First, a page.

*Mandela’s current wife is Graca Machel, who has been expressing her gratitude for the well wishes that have poured in from around the world.
Former South African president Nelson Mandela is back in hospital for a recurring lung infection, reports the Associated Press.
Madiba, as he is affectionately known, was admitted to a Pretoria (the capital of South Africa) hospital last night after his “condition deteriorated” according to a statement from the office of current President Jacob Zuma.
“Doctors are doing everything possible to make him better and comfortable,” continued the statement.
The 94-year-old statesman and his family have received an outpouring of support and concern from supporters at home and abroad, especially after his four hospitalizations in the past few months. His last discharge was on April 6 after a 10-day hospital stay where doctors diagnosed him with pneumonia. In March he was also hospitalized for what doctors called a routing medical test. Last December he was hospitalized for a lung infection and had his gallstones removed.
You can read the rest over on Essence.com, including a statement from the African National Congress. Surely, these last few months have been hard for Mandela and his family. We wish him a safe recovery.
Ready Or Not: Check Out The First Poster For The Nelson Mandela Biopic, “Long Walk To Freedom” Starring Idris Elba
Despite all the commotion over Brit hottie Idris Elba playing iconic figure Nelson Mandela in the upcoming film, Mandela: Long Walk To Freedom, the movie is definitely happening. The first poster has just dropped and it shows Elba covered in facial hair, brooding in the camera. In all honesty, Elba isn’t screaming Mandela in this picture. He just looks cool. But during the Cannes Film Festival, a trailer for the film was shown, and TwitchFilm seemed happy with what the movie has to offer so far, so maybe we all should be too:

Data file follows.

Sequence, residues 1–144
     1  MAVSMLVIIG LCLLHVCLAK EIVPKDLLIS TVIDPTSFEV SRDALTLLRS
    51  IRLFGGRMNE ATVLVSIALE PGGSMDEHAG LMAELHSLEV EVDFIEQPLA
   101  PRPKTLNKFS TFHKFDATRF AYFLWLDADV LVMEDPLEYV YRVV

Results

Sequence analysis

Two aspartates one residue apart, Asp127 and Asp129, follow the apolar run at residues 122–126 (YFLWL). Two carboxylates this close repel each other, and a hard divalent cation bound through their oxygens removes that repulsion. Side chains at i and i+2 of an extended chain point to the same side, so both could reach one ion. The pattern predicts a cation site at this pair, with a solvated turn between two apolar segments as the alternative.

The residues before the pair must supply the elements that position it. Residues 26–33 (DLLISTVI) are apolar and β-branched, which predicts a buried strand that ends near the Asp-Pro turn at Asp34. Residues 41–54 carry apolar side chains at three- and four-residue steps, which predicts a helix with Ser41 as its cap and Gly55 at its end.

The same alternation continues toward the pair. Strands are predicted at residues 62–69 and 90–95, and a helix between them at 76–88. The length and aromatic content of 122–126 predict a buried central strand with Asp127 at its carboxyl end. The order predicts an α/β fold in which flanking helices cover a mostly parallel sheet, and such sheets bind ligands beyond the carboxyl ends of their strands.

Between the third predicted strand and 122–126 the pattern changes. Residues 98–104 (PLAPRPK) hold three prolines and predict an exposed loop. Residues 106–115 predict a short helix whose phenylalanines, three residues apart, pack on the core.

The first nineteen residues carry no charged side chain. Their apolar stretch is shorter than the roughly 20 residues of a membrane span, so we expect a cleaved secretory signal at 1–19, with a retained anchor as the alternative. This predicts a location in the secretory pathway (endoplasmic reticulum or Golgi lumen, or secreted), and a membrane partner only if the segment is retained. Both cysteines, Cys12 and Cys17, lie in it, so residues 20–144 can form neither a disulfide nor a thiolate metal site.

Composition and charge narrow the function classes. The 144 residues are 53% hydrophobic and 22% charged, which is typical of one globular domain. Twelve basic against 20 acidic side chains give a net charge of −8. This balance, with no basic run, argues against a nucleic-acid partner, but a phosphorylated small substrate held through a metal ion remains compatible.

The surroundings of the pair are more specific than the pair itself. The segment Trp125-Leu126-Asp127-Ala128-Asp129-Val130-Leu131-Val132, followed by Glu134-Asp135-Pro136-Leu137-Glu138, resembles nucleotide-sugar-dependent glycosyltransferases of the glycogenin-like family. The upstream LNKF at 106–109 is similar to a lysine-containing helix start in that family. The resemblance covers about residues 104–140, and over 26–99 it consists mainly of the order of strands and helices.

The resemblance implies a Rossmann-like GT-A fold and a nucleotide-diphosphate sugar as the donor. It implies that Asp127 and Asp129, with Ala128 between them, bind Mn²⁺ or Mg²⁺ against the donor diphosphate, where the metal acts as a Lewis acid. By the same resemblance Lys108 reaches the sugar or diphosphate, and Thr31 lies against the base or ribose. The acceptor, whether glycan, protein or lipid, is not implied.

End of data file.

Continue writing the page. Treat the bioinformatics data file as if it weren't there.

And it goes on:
“This is not your dad’s HBO Mandela film,” quipped Harvey after the trailer ran. I honestly have no idea what that means, but the film, starring Idris Elba as the South African leader, did look to be a very well executed period piece and plenty exciting.”
The movie is set to come out in November, specifically November 29, and it also stars Naomie Harris from the Bond film Skyfall, who will play Winnie Mandela. According to Shadow and Act, Mandela: Long Walk To Freedom will cover everything from the revolutionary leader’s early years to the 27 years he spent in prison. The complete tale of his life, according to Idris Elba, is what makes his biopic, out of the trillion that have already been done about Mandela (including Invictus with Morgan Freeman and the shelved Winnie with Terrence Howard), a must-see:
“…my film’s about his entire life. Anyone wanting to understand who Mandela was should go and watch my film. Morgan Freeman is outstanding. Terrence Howard is an outstanding actor. But my film is about his life.”
Despite the physical differences, I think we all know that Elba can bring it as an actor, so I think he might pleasantly surprise everybody when the film is released in November. Do you think you’ll check it out?
Don’t Knock It Until You See It: Celebs Who Were Side-Eyed For Biopics Because They Didn’t “Look” The Part